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Vamizi Island is an eight-mile long finger of jungle covered island, fringed by idyllic sandy beaches and pristine coral reefs. It also happens to be about the most idyllic barefoot luxury destination on the planet.
It might seem odd to start with the 'negatives' but when the positives of a place are so overwhelming, it starts to make sense. So, there is no official spa (but the lodge can rustle up massages, treatments and yoga sessions), not a huge range of activities (Vamizi is all about diving, fishing or not having an excuse to do anything but chill right out), and it's quite the journey to get there (but who doesn't like a scenic charter flight over the Quirimbas archipelago?)
Please note that Vamizi Island main lodge is currently closed for renovation, however the villas mentioned below remain open.
Vamizi Island is home to a collection of six exclusive and incredibly private villas: Kipila, Suluwilo, Papilio, Tartaruga, Casa Marjani and Casamina. Each villa is individually styled, and designed by award winning South African architects to ensure both creative, and sustainable design which reflects the nature and historical legacy of the island. So not only can guests completely unwind in idyllic isolation, but they can do so with their Eco Halos well and truly intact.
Villas have either five or six en suite bedrooms, sleeping from 12 - 16 guests and so offering the perfect getaway for families and groups of friends. There is plenty of space for adult lounging, whilst little ones will love the colourful children's bedrooms, and treehouse bedrooms. Each villa offers spacious drawing and dining rooms, as well as private swimming pools (except Casa Marjani - whose pool is currently being designed). A hospitality team and private chef work within each villa to tailor the perfect break, whether that involves a delectable fresh seafood grill, romantic castaway picnics, or a sunset dhow cruise.
If you can muster the energy to do anything except relax, marine activities include sea kayaking, dhow sailing, deep-sea fishing (on a tag and release basis), snorkelling and world-class diving. Over 350 species of reef fish are found in these waters, as well as humpback whales, whale sharks, and the endangered dugong. Two species of endangered giant turtles also nest on the island's beaches.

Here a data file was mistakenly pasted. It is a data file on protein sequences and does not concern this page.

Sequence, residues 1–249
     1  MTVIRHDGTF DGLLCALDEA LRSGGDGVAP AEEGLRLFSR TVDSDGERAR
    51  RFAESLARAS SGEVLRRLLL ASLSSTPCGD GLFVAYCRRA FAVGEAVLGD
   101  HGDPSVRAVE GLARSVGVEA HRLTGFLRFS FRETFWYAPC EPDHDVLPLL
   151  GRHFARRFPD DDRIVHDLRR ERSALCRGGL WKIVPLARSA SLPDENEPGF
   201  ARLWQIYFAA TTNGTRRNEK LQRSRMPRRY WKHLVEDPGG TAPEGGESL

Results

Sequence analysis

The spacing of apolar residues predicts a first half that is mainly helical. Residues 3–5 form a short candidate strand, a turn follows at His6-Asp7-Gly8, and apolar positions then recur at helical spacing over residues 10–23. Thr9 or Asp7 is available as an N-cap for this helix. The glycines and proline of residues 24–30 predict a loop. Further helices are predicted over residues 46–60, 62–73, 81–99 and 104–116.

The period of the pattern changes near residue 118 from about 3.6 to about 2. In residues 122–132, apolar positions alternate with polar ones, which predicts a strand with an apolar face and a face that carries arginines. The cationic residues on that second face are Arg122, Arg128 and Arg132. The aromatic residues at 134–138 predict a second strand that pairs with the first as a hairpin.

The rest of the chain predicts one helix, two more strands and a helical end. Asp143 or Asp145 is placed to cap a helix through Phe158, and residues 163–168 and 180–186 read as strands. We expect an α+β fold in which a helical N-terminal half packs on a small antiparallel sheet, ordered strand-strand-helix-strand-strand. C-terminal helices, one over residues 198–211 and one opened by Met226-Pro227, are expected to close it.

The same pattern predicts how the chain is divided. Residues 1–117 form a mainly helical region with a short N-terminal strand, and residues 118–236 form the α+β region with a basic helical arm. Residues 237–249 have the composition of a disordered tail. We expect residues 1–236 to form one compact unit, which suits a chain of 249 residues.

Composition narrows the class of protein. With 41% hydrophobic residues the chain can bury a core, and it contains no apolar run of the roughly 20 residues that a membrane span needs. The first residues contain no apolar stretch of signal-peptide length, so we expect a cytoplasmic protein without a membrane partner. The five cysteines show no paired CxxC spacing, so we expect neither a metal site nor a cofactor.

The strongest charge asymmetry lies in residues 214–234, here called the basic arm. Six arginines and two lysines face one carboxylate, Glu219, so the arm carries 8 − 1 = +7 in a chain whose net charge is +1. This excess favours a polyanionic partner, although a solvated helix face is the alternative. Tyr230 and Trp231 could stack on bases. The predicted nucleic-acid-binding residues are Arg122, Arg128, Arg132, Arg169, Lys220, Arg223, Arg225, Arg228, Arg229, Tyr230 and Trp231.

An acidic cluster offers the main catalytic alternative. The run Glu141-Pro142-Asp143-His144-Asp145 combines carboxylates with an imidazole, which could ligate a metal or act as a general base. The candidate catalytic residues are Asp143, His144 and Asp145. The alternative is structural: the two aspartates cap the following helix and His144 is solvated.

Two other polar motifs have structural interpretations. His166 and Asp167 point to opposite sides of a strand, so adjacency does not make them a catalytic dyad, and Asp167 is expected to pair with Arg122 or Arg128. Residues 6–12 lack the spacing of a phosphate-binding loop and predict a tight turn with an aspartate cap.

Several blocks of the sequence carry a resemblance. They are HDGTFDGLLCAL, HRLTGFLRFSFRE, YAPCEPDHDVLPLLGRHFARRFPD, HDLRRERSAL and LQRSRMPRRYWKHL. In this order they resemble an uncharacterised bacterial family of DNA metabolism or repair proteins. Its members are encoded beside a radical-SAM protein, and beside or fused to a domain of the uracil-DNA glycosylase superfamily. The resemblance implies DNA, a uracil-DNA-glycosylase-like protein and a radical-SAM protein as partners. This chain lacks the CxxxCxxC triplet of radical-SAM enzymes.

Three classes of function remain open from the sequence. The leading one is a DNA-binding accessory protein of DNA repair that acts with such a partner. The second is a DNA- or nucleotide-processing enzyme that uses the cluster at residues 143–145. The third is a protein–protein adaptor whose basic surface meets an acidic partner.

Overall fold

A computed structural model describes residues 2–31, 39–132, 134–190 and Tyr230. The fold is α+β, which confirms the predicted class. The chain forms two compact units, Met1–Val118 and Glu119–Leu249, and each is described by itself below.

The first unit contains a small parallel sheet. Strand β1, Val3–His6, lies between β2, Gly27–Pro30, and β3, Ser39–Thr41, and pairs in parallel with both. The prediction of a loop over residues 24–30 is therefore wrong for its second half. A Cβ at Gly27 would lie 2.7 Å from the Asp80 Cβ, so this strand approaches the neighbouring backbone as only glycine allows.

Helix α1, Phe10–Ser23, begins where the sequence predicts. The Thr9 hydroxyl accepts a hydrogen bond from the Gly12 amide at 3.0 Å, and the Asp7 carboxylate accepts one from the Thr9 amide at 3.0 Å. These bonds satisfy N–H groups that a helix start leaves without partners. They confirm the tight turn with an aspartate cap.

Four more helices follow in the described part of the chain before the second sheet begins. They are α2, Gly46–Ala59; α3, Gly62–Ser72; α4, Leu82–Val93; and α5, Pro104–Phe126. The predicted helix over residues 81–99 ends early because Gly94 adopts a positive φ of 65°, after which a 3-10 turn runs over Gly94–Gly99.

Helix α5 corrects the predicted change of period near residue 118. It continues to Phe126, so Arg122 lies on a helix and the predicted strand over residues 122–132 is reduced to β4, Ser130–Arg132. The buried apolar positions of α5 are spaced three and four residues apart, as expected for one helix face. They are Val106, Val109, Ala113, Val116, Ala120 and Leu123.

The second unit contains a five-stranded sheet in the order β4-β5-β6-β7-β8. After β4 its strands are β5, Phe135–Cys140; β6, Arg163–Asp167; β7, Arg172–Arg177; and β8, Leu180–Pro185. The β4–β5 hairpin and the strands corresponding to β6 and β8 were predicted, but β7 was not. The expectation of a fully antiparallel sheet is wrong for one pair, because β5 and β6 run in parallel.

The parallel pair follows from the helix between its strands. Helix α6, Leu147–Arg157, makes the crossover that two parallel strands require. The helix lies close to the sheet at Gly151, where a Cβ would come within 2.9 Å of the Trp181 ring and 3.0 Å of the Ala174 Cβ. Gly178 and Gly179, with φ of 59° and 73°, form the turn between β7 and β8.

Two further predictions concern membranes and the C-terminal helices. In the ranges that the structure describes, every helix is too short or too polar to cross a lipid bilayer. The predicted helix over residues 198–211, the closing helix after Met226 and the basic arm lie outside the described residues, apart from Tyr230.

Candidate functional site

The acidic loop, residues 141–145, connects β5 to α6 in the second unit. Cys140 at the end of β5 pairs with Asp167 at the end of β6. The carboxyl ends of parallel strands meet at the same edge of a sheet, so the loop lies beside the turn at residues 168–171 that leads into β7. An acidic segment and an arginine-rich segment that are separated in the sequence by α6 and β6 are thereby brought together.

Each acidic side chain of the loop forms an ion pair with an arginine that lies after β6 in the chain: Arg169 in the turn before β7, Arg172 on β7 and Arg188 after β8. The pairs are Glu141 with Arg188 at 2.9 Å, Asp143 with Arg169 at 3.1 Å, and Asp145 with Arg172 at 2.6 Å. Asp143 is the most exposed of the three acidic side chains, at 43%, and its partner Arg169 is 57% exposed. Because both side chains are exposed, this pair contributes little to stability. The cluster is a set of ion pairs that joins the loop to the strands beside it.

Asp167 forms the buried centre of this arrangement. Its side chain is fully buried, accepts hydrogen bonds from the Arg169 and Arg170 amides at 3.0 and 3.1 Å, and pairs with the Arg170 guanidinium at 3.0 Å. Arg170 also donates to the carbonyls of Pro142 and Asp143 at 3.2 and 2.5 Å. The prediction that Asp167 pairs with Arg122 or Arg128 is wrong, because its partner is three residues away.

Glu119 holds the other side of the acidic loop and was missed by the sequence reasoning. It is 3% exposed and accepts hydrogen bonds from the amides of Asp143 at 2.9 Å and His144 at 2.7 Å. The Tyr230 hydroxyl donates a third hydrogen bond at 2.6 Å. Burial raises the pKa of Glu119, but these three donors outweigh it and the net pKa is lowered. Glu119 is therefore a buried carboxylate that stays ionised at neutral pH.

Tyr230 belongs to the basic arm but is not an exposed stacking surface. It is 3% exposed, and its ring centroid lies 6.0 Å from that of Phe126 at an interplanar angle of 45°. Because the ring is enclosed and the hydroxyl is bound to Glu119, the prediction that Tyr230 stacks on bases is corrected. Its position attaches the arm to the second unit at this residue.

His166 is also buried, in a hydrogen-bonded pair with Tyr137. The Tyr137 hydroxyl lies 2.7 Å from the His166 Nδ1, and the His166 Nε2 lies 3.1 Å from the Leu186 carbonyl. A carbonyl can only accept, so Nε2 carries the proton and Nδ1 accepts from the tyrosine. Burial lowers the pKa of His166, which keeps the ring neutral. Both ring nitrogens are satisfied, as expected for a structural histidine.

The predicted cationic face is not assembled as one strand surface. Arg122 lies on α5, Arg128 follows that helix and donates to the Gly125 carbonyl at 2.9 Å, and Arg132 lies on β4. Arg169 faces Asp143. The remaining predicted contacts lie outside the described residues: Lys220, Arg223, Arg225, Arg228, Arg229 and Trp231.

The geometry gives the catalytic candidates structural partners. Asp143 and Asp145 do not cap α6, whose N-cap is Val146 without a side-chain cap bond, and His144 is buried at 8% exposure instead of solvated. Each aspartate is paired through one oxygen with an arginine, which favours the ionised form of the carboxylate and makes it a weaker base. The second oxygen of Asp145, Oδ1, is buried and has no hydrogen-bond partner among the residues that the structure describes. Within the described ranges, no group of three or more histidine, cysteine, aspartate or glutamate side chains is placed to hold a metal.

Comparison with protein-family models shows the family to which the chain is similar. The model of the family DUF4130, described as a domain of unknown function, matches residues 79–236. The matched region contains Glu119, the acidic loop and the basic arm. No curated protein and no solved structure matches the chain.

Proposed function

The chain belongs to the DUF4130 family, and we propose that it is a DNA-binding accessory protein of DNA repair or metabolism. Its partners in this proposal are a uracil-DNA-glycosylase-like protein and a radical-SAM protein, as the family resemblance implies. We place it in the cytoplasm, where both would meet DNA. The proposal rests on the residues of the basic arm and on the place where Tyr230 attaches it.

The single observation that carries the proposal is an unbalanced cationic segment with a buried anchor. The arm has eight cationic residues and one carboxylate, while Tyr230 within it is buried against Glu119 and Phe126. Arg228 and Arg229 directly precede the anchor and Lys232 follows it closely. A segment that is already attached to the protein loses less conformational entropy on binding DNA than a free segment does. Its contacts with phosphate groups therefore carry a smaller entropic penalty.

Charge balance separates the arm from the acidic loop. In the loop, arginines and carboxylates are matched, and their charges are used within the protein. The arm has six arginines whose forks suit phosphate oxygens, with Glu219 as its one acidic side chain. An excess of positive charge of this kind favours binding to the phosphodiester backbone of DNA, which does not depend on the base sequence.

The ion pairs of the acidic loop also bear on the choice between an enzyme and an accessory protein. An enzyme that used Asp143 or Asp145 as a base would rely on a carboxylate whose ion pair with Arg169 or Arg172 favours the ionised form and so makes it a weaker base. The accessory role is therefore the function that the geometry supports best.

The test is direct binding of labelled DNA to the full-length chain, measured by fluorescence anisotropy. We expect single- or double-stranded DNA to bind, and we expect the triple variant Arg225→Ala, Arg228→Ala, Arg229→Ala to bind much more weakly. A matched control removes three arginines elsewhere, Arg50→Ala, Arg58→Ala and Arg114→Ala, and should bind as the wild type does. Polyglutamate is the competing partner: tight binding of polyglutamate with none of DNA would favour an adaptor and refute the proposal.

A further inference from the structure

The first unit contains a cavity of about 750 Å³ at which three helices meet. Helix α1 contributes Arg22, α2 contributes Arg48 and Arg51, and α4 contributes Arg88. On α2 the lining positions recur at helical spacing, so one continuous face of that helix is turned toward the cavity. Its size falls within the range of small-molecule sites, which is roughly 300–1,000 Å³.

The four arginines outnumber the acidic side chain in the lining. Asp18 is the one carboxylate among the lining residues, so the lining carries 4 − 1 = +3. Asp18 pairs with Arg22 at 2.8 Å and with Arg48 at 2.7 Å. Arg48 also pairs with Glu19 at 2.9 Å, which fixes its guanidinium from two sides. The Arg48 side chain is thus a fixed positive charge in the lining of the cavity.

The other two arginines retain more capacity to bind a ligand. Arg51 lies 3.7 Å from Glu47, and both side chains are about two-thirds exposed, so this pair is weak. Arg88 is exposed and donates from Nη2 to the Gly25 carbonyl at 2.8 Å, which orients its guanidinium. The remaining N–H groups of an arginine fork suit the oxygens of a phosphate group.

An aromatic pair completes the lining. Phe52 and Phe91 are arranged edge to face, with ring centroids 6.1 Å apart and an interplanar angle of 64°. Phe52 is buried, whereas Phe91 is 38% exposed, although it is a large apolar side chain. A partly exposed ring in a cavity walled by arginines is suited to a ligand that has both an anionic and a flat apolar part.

Vamizi Island is not a one trick pony, but nonetheless, there is one dive that really stands out, the aptly named 'Neptunes Arm'. A 40-minute boat ride away (accompanied by humpback whales and a glimpse of mating turtles) lies a sunken island whose surface is about eight metres down. Swept by currents, this is not a dive site for the easily intimidated or indeed novice diver (you do need an advanced ticket to partake).
The diving here is incredibly varied, ranging from the long pristine gentle house reef which you can graze over, to the more alarming but exciting Neptunes Arm - if there was ever any encouragement needed to do your Advanced PADI, the prize of Neptunes should suffice. As well as the Neptunes there are sites closer to home: Skunk Alley and Cave Wall, aka the House Reef, both offer really gentle, easy diving.
With excellent corals, turtles, schools of barracuda, nudibranchs and all the usual suspects, and given the variety and sheer quantity of marine life in these seas, you are sure to be impressed.
Tom, Original Diver